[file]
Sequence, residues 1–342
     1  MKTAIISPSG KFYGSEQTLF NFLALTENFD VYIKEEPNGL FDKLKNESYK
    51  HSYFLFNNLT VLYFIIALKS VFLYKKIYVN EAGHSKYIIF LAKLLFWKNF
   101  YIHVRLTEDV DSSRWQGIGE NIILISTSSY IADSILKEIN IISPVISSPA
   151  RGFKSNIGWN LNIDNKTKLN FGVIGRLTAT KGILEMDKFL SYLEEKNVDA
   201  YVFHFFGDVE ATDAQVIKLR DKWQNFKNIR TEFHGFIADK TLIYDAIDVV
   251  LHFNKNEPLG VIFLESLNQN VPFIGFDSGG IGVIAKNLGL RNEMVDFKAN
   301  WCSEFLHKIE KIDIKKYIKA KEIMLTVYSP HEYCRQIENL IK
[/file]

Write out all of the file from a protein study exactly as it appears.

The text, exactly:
Sequence, residues 1–342
     1  MKTAIISPSG KFYGSEQTLF NFLALTENFD VYIKEEPNGL FDKLKNESYK
    51  HSYFLFNNLT VLYFIIALKS VFLYKKIYVN EAGHSKYIIF LAKLLFWKNF
   101  YIHVRLTEDV DSSRWQGIGE NIILISTSSY IADSILKEIN IISPVISSPA
   151  RGFKSNIGWN LNIDNKTKLN FGVIGRLTAT KGILEMDKFL SYLEEKNVDA
   201  YVFHFFGDVE ATDAQVIKLR DKWQNFKNIR TEFHGFIADK TLIYDAIDVV
   251  LHFNKNEPLG VIFLESLNQN VPFIGFDSGG IGVIAKNLGL RNEMVDFKAN
   301  WCSEFLHKIE KIDIKKYIKA KEIMLTVYSP HEYCRQIENL IK